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A Tale of Two Log Forwarders: Logstash and FluentD (part 1.2)

  A couple of ways to install Logstash is as a service on the cloud virtual machine, as well as deployed as a Docker container.  For our example, let's deploy Logstash as a Docker container. Assuming the Docker engine in installed, we can pull it from the docker.elastic.co repository:
      docker pull docker.elastic.co/logstash/logstash
  You can execute the "docker image" command to verify the image was pulled.  Before we create a container from this image, we'll create a configuration file.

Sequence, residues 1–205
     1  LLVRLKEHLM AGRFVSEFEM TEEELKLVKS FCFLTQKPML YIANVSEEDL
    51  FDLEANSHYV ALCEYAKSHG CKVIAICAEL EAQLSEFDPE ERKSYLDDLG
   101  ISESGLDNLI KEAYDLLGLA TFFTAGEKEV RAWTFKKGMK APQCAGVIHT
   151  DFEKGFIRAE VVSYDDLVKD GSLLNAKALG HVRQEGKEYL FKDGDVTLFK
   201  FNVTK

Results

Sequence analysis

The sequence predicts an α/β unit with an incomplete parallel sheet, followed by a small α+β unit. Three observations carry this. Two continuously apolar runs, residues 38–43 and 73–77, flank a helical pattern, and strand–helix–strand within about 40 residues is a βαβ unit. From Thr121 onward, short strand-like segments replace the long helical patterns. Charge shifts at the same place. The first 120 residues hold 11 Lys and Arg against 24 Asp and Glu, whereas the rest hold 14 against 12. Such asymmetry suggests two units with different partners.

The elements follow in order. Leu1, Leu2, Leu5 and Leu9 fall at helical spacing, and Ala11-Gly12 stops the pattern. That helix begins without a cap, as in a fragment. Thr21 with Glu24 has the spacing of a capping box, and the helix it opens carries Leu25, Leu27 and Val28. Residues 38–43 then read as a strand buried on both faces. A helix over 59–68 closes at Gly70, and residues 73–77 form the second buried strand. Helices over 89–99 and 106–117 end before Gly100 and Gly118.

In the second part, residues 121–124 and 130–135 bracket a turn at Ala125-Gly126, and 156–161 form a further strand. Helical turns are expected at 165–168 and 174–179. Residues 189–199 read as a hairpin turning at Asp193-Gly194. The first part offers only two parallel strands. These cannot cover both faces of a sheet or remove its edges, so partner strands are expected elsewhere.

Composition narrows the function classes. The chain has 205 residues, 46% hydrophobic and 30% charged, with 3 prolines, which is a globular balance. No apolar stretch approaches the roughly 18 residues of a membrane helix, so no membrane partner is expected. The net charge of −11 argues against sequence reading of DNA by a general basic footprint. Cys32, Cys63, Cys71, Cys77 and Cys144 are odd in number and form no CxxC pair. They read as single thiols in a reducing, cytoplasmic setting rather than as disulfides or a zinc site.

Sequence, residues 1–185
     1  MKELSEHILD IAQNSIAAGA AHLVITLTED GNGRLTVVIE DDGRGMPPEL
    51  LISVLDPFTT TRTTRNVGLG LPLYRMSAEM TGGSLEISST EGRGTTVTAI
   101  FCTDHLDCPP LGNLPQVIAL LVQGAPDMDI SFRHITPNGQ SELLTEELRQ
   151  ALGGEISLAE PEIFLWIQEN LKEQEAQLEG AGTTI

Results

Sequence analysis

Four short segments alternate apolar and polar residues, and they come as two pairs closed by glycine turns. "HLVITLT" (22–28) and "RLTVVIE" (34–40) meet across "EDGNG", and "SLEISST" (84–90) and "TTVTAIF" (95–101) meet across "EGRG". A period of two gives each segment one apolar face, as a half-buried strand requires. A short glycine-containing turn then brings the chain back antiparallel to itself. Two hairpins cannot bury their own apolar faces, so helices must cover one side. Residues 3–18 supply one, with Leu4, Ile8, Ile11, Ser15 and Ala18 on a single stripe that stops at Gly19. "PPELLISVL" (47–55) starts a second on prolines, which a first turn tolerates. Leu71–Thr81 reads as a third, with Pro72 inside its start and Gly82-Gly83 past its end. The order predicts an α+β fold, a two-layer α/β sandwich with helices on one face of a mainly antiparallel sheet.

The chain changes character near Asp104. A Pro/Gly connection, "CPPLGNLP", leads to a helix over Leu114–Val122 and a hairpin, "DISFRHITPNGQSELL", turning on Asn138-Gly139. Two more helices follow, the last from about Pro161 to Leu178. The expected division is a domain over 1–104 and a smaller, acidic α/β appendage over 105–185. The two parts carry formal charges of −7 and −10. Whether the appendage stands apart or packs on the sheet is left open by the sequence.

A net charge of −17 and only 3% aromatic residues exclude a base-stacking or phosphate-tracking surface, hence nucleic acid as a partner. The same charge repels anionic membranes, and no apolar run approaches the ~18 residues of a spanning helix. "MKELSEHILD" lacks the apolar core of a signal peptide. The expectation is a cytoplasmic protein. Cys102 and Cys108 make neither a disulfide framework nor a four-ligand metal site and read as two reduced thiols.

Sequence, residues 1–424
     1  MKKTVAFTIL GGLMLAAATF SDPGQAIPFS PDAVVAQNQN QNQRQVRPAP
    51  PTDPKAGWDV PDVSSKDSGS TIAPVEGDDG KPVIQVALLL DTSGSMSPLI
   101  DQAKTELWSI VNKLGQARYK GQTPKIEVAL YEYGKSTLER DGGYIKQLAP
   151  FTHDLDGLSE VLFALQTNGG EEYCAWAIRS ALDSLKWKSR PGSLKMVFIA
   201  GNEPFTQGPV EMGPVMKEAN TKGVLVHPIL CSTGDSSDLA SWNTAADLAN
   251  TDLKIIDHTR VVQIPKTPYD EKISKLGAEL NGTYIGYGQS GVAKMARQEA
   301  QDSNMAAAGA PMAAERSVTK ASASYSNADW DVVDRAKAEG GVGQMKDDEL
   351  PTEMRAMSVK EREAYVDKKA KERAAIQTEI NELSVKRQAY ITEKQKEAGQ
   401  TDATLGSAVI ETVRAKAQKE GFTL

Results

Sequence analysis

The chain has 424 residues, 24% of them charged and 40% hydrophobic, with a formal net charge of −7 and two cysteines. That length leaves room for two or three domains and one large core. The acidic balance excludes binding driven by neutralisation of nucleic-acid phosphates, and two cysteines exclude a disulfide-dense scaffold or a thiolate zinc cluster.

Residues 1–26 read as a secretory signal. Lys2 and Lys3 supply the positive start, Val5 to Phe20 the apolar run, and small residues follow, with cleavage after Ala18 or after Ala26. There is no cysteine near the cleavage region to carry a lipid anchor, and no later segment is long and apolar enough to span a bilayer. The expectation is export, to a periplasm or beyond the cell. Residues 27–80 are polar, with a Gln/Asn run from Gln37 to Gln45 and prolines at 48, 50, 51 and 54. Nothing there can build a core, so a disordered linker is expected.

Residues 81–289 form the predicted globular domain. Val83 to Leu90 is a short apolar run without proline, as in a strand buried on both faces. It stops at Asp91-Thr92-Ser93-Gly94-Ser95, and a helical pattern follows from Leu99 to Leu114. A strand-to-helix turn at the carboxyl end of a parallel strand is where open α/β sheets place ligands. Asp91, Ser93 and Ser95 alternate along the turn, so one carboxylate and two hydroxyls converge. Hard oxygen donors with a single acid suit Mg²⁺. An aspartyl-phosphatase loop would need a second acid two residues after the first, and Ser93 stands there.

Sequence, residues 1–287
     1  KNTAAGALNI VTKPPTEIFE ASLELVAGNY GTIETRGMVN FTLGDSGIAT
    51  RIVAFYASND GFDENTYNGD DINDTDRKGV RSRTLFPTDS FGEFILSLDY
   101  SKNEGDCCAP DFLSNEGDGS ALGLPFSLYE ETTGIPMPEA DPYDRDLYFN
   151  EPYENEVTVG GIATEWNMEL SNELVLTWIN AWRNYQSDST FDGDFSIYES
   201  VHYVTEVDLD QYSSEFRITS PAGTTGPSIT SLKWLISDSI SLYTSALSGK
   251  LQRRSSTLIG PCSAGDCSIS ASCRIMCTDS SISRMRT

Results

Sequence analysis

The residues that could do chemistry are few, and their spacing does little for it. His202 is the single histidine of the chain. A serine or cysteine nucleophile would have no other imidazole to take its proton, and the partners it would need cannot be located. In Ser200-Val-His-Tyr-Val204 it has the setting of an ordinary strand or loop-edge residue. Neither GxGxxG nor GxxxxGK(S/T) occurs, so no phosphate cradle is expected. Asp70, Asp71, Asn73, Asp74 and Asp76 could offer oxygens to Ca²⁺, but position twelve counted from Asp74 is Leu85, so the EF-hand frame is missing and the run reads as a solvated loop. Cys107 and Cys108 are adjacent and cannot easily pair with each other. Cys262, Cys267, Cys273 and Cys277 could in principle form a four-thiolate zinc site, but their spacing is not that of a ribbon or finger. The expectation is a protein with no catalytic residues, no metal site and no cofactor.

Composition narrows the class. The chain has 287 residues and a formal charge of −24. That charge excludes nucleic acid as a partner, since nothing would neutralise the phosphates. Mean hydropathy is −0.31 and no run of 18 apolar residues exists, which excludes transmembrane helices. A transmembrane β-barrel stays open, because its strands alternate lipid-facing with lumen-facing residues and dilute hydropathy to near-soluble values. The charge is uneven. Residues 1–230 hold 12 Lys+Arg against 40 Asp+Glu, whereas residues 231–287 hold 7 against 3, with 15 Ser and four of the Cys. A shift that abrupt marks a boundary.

It is possible to have multiple inputs on a single Logstash configuration file, but let us, for this example, have one configuration file  per input.
  vim tcp-to-elasticsearch.conf
input {
  tcp {
     port => 8080
  }
}
output {
  elasticsearch {
     hosts => ["10.0.0.41:9200"]
  }
  stdout {
     codec=>rubydebug
  }
}
  You may have noticed this configuration outputs to an Elasticsearch cluster as well as standard out.  If you're curious, you can easily make a configuration for http input out of this file by changing the word 'tcp' to 'http.'  Now that our configuration file is created, we're ready to start out container. When running the following Docker command, make sure you're in the same directory as the configuration file.
docker run -dit --name logstash-tcp --restart=always \
-p 8080:8080 -p 9600:9600 -v "$PWD":/config-dir \
-e http.host=127.0.0.1 logstash \
-f /config-dir/tcp-to-elasticsearch.conf
  Give it some time to start up, and then check the logs to verify:
     docker logs --tail 10

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